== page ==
Of the two of the three productions that I saw from Juventus Lyrica, the choice must fall to Rossini’s Le comte Ory. Not least for the infrequency of its production – a first for this reviewer in 40 years of opera going – but effective direction against a simple backdrop gave it humour and energy without becoming banal. A co-production with the Dutch Opera2Day, it was presented with instruments replicating the sound of the day.

ANTOINE LEVY-LEBOYER – 2017 was a year where I was privileged to interview three great pianists (in alphabetical order): Igor Levit, Gabriela Montero, Sir Andras Schiff. Each of these are of course wonderful artists. Gabriela Montero’s improvisations make for mesmerising stories. Igor Levit challenges and makes you think. Sir Andras Schiff is peerless in his mastery of the classical style.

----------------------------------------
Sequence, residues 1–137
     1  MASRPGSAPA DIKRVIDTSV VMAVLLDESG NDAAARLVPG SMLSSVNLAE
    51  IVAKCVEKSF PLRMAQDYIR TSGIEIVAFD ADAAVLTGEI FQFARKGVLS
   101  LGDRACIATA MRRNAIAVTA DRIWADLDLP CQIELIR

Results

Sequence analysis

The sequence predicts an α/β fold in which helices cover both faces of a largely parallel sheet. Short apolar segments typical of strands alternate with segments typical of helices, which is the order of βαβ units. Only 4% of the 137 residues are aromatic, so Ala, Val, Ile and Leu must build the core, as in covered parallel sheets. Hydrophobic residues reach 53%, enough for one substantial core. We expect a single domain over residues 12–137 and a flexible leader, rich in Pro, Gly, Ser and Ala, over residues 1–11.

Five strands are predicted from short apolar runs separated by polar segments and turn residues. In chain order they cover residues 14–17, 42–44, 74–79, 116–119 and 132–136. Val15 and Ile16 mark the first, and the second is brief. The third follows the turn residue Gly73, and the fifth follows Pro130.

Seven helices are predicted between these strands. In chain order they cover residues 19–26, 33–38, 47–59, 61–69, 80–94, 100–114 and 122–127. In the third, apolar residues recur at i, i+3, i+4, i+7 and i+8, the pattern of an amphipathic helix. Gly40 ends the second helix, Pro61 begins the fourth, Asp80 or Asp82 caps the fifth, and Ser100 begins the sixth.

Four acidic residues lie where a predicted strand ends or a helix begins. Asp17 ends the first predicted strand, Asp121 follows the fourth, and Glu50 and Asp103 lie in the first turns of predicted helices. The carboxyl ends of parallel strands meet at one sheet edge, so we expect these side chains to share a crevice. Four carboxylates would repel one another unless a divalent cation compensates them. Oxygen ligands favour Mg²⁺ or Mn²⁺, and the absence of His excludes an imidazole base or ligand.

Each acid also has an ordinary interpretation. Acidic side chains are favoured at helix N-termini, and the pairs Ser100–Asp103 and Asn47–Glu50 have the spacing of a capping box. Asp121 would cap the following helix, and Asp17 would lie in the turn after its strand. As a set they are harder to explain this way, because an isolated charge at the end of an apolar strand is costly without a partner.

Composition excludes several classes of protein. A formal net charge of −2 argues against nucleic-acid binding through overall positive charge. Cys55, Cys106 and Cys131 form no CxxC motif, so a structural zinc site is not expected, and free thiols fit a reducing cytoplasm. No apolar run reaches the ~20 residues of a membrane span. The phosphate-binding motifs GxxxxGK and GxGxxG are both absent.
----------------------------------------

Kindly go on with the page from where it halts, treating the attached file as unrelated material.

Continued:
But each in their own way have used their reputation as classical musicians to express political views and use their reputations to raise their voices: Gabriela Montero has described the situation in her native country of Venezuela before a high-profile conductor expressed his own reservations, and a long time before people generally were aware of the gravity of the situation in that country. Igor Levit has prefaced his concerts with declarations of value on Europe. His Salzburg recital was a series of musical protestations mixing Schoenberg’s ‘Ode to Napoleon’, Beethoven’s ‘Eroica’ Variations and Rwezki’s (amazing) ‘The People United Will Never Be Defeated!’. Sir Andras Schiff has been very critical of the situation in his native country, Hungary.